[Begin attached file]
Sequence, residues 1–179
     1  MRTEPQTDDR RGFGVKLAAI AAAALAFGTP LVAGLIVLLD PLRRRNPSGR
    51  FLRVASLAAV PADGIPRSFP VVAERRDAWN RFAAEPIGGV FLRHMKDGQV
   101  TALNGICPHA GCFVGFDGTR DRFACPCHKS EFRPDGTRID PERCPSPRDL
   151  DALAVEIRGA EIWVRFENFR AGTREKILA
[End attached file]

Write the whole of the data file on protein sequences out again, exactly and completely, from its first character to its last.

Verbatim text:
Sequence, residues 1–179
     1  MRTEPQTDDR RGFGVKLAAI AAAALAFGTP LVAGLIVLLD PLRRRNPSGR
    51  FLRVASLAAV PADGIPRSFP VVAERRDAWN RFAAEPIGGV FLRHMKDGQV
   101  TALNGICPHA GCFVGFDGTR DRFACPCHKS EFRPDGTRID PERCPSPRDL
   151  DALAVEIRGA EIWVRFENFR AGTREKILA